A few years ago I participated in a Sprint Triathlon (a shorter version of a triathlon which includes swimming, cycling, and running). During the event, I had an opportunity to notice two different approaches by two different racers. Both people were involved in the exact same race and yet, having two completely different experiences.
Leader 1: A fifteen-year-old kid, pulling his developmentally challenged brother in a life raft behind him for 400 meters in a swimming pool while the crowd cheered them both on. He then pulled him in a cart for the bike portion, and finished by pushing him across the finish line in a different cart to complete the the race. Throughout the entire race, the look on his brothers face was sheer and utter joy. Why? He was in a race, he was swimming, cycling, and running with his big brother … he was part of a team!
Leader 2: A 30-something year-old racer who continuously drafted behind me during the cycling portion of the race. Drafting (using the space created behind another cyclist to avoid the resistance of the wind to save energy) is considered cheating and the rules specifically state, that if caught, you will be disqualified. To hide his intention, he moved to the side when passing the referees and judges and then would tuck back behind me when we were in the clear.
I was struck by the enormous gap between the purpose and intention of these racers. The fifteen-year-old young man was racing for his brother, his goal: give his brother an experience he could never achieve on his own. He didn’t care about his time or where he finished in the rankings as much as he cared about his brother. It wasn’t about him, it was about his team. Yes his team, his brother may not have been physically capable, but imagine the inspiration he felt when he looked behind him and saw the smile on his face or heard him cheering his older brother on.
The racer behind me who was cheating the system to move higher in the rankings was a different story. His race was all about him and winning. It didn’t matter if he cheated and broke the rules, he didn’t care. He was the epitome of what it means to be self-centered. He wasn’t willing to exert the effort required to work hard in order to win, instead he let others do the work while he cheated the system and took credit for their effort and hard work.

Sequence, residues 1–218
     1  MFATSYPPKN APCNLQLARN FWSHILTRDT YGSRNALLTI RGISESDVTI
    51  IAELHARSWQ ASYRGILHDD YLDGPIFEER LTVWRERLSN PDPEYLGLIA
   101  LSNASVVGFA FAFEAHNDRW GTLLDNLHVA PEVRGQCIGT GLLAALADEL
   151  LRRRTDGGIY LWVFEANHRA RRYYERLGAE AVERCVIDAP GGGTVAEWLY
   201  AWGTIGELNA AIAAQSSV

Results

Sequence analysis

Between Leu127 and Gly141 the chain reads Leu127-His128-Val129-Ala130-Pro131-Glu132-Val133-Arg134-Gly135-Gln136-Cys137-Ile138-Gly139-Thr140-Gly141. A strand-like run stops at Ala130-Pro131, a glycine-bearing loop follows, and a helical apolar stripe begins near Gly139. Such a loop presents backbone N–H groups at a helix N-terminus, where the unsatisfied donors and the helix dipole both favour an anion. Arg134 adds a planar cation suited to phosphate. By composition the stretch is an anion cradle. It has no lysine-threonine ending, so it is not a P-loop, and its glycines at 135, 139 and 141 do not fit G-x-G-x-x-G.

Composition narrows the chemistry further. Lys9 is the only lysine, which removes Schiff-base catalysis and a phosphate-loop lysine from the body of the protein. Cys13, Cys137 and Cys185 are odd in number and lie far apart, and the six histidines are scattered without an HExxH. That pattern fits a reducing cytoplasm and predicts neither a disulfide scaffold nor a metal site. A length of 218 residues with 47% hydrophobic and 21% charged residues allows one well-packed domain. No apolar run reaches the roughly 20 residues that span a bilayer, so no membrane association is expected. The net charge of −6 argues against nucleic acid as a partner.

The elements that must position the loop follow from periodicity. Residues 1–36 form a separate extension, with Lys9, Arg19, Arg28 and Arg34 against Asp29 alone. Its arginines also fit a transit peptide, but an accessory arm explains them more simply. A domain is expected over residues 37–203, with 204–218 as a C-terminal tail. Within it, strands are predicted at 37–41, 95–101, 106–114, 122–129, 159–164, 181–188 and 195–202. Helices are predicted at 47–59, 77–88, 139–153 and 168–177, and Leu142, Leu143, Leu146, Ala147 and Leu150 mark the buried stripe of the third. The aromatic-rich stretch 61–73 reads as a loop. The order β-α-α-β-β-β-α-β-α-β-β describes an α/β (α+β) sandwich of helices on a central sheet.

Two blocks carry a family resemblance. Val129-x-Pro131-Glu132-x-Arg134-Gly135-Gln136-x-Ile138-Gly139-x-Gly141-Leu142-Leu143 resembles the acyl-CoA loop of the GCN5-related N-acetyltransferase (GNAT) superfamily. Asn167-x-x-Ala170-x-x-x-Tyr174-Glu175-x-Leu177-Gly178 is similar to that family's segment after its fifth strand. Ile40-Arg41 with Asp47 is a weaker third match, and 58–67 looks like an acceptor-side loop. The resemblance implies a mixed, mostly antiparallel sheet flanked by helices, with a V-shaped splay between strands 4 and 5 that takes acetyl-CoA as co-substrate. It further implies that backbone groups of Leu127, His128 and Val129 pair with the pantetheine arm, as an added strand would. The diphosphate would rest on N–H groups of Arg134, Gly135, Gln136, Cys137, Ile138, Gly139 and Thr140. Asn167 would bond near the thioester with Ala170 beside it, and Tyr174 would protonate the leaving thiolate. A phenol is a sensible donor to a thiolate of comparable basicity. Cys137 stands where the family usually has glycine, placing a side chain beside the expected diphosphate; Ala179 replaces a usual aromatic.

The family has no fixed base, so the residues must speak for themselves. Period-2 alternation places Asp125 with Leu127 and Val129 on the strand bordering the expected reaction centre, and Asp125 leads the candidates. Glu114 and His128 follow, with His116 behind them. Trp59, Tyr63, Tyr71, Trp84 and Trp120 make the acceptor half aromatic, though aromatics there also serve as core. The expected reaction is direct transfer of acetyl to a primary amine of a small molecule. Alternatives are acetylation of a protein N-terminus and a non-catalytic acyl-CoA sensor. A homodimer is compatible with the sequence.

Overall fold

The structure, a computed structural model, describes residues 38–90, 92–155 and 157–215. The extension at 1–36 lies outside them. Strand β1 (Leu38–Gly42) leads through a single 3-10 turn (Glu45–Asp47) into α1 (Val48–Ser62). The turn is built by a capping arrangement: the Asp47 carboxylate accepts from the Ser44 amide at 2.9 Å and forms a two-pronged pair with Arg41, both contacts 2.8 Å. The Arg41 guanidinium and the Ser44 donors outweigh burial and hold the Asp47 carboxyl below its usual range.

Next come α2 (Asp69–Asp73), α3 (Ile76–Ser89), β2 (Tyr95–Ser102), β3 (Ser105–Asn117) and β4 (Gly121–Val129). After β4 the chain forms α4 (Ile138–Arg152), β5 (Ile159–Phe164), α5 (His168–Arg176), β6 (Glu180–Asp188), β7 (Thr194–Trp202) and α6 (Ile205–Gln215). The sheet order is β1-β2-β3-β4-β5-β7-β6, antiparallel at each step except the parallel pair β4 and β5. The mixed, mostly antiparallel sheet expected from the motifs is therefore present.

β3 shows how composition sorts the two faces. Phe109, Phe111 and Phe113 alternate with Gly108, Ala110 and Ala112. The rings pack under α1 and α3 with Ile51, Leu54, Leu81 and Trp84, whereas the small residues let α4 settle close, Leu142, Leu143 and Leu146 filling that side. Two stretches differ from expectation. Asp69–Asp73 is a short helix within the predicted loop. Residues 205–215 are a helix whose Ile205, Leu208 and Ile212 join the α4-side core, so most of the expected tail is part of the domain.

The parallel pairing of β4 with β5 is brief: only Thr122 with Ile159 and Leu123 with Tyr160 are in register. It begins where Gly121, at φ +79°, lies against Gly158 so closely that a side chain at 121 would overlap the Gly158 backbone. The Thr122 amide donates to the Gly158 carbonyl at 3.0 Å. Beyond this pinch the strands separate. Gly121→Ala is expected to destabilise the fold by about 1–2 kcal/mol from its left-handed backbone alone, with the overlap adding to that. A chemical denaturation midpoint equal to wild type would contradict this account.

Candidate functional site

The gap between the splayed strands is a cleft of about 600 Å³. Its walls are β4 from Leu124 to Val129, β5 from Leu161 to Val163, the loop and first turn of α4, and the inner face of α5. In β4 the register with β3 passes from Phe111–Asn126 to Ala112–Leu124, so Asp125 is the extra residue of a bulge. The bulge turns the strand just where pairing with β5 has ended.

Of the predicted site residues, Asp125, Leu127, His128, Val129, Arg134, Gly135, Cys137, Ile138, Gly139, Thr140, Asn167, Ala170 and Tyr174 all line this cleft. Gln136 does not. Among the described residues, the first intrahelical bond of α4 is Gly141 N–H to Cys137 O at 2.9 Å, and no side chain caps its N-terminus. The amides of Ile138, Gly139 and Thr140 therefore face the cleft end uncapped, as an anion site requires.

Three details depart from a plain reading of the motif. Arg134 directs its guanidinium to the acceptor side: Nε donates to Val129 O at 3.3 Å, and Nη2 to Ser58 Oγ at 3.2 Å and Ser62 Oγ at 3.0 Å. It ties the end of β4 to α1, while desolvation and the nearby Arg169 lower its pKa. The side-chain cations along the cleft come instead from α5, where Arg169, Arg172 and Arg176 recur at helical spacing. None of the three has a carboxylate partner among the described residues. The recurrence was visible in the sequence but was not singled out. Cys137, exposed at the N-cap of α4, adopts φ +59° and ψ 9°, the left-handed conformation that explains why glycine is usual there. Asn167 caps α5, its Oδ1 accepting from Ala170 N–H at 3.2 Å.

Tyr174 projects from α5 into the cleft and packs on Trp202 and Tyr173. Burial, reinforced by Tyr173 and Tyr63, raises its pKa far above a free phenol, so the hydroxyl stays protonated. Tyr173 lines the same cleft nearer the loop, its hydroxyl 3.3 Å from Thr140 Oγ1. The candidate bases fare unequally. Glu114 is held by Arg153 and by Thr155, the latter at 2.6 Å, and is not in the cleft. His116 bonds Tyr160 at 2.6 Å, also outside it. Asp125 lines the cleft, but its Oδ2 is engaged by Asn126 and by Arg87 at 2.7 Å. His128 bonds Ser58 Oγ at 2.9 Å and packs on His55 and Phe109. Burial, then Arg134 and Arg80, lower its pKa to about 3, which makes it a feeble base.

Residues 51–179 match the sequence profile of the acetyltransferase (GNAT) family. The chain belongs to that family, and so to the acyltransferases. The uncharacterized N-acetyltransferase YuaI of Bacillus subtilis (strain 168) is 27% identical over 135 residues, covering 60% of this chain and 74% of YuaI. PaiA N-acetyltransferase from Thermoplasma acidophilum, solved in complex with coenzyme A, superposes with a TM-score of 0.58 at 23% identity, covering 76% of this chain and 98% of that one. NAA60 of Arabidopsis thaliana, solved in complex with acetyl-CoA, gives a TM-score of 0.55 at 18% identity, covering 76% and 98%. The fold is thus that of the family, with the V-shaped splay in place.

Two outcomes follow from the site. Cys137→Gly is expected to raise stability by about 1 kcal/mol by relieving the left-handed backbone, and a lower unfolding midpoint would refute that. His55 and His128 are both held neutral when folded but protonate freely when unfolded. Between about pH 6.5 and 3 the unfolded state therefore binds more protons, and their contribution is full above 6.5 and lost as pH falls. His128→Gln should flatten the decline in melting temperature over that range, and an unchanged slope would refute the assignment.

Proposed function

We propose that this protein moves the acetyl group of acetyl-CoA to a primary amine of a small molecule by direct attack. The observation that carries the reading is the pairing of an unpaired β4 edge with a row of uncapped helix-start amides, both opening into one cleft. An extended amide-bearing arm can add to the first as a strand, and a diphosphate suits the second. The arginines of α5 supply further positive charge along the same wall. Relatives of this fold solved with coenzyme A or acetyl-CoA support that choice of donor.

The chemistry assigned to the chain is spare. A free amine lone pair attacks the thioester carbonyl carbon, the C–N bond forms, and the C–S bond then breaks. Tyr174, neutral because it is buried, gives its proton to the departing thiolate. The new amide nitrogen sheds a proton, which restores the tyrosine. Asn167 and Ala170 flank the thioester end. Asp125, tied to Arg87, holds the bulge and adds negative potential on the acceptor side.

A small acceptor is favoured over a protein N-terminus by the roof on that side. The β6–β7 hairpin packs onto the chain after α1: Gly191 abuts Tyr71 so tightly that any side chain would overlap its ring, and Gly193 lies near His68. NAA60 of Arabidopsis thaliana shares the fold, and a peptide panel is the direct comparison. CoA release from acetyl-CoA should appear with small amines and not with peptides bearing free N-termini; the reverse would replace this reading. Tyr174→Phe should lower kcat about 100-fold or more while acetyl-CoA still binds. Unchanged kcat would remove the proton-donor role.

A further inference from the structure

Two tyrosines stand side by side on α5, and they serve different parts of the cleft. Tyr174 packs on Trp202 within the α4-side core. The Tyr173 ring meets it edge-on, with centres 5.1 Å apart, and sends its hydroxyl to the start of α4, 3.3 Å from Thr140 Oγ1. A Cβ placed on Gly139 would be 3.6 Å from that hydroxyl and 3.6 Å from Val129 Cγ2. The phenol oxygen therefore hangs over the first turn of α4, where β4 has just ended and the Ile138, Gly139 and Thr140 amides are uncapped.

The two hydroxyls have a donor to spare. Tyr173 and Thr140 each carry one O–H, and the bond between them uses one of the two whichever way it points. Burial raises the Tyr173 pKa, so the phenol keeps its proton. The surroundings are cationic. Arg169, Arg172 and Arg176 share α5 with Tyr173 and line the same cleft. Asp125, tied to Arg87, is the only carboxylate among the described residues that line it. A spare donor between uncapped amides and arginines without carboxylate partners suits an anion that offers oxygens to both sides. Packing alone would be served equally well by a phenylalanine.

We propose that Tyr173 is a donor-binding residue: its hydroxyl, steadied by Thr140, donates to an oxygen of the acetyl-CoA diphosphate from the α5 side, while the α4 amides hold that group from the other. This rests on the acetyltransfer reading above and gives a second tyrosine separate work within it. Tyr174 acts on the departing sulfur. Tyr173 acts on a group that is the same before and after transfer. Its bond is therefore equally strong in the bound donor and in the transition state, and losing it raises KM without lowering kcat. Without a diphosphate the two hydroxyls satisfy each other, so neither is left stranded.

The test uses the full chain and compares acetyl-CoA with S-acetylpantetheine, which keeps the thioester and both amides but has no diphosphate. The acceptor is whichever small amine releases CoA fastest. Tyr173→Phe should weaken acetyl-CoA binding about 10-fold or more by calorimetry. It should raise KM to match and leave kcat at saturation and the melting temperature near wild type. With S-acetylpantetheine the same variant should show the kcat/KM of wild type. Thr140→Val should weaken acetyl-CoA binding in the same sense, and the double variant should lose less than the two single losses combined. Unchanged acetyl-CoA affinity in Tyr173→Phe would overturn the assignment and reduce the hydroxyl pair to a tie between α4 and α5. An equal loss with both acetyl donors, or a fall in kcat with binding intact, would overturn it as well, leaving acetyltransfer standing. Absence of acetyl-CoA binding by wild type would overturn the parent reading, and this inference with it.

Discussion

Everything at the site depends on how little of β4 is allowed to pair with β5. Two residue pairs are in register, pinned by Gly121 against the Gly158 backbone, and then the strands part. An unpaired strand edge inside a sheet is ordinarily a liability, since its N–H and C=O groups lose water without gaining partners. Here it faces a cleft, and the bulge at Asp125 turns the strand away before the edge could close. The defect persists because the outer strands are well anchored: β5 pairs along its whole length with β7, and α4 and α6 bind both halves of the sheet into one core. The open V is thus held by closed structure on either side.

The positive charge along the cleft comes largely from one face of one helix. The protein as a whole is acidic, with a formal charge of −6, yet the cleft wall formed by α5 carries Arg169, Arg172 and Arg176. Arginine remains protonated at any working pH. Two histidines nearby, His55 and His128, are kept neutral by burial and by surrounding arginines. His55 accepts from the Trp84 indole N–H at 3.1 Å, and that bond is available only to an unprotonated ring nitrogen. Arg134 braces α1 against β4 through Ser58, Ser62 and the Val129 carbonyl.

As a leader, each day you have to face yourself in the mirror. And while we all want to believe that we are more like the fifteen-year-old leader and not like the leader who cheated, we have to live with the decisions we make.
Are you a leader who believes that you don’t have to go out in front of the pack and lead by example? Do you believe that you can lay low and ride on the coattails of the work that other create? Do you believe that it’s okay to take credit for the work of others?
Are you willing to give your best effort each and every day regardless of the results? Are you more concerned with getting the team across the finish line or yourself? Would you sacrifice winning as an individual if it meant that the team would do better?
As a leader, each day you are faced with multiple decisions to be other-centered and inspire others, or to be self-centered and make it all about you.
Extraordinary leaders inspire others to do or to be their best. And when they are inspired by you, they will trust you, and when they trust you, they will follow you.
As we all stared in amazement at the courage of this young man swimming his heart out as he pulled his brother behind him in the pool and throughout the rest of the race, I couldn’t help but think about how much he inspired me to be a better person.
After-all … that is what great leaders do?